The purpose of this paper is to demonstrate that libraries do not inevitably arise from the aggregation of information, and to apply this result to critique the meaningfulness of the idea of a “digital library.” Three independent arguments demonstrate that libraries are more than the sum of the books that they contain: first, the logical argument, which analyses the internal consistency of claims for the superiority of electronic formats; second, the semantic argument, which examines ordinary language to isolate the core requirements of what it means to be a “library”; and third, the ethical argument, which identifies the source of the unique phenomenological experience of encounter with the library. It is found that the three arguments each refute the view that “library” is the collective noun for “book,” and argue instead that it is an emergent concept that offers to its community a reflection of the local cultural knowledge through the ordinary selection and organization practices that distinguish libraries from other book accumulations. Against that understanding the idea of a comprehensive and universal digital library fails on the essential criteria of selectivity and organization. While such products can be powerfully useful, they offer something distinct from libraries. When we lose sight of this difference we risk losing the inherent and irreducible values embodied by libraries. The paper's arguments provide a reasoned infrastructure to several beliefs that are both common and unexamined.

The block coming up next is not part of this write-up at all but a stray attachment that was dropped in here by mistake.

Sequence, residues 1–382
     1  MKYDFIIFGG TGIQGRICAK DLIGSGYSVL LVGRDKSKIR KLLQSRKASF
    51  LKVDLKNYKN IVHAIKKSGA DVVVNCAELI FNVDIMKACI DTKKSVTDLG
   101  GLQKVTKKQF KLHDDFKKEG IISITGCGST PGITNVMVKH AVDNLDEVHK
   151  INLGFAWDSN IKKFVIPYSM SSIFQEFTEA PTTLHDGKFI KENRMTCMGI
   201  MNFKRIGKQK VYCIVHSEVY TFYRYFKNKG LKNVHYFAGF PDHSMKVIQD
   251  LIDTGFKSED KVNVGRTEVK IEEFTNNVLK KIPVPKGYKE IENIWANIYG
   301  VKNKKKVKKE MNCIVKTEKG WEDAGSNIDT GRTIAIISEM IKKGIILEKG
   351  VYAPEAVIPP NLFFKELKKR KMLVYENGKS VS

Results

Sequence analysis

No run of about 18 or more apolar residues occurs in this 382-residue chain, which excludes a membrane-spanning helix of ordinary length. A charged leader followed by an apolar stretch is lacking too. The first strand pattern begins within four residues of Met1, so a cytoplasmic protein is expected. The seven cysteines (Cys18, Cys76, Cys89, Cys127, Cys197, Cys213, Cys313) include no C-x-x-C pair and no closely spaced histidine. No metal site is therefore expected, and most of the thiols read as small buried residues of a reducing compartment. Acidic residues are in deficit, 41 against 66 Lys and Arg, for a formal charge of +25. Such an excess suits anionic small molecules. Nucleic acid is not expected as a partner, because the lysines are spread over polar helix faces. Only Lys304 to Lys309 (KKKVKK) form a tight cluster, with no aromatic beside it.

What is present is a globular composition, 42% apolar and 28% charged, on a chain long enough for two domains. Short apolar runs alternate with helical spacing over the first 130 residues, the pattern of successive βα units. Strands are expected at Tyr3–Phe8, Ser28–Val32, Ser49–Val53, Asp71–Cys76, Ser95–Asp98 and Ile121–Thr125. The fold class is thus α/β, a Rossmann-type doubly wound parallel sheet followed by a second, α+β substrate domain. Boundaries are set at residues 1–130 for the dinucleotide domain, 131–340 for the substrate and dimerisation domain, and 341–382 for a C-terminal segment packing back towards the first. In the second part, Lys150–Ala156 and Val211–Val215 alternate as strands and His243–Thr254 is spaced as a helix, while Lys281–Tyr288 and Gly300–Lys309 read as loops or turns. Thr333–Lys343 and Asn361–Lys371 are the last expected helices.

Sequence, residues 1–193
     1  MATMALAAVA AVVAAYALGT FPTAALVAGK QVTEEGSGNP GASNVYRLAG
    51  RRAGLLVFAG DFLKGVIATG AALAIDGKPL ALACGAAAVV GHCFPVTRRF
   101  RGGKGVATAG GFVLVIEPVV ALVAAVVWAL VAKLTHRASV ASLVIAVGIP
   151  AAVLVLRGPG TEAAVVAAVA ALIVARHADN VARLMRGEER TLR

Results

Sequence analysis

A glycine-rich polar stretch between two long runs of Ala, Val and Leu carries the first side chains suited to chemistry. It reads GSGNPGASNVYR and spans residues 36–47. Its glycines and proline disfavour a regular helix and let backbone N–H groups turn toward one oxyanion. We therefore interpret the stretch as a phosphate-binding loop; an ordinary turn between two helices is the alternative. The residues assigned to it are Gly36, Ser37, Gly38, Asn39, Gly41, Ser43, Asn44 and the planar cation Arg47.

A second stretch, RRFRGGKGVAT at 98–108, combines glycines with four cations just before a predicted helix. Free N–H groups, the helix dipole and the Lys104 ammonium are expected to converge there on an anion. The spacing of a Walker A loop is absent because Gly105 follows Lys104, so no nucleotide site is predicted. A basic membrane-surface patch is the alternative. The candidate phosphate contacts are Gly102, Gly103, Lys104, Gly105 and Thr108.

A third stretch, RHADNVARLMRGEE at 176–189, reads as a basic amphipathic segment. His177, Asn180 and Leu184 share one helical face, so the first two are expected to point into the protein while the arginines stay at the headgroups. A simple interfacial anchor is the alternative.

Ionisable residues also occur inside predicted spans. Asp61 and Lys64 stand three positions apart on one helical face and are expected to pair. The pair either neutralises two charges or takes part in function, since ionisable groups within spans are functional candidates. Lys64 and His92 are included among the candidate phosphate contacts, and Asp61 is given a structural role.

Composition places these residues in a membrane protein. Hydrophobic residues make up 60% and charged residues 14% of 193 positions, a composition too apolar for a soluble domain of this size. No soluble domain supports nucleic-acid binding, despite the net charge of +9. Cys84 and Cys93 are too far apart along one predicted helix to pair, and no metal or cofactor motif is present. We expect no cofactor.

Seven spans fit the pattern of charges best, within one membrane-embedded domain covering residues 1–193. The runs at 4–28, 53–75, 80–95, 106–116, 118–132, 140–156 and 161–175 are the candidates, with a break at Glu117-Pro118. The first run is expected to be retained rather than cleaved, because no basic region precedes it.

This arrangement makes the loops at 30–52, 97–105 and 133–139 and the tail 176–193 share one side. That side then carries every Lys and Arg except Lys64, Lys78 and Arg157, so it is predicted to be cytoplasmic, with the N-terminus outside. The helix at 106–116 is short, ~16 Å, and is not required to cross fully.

|Number of pages||14|
|Journal||Journal of Information, Communication and Ethics in Society|
|State||Published - May 11 2012|
- Digital technology
ASJC Scopus subject areas
- Sociology and Political Science
- Computer Networks and Communications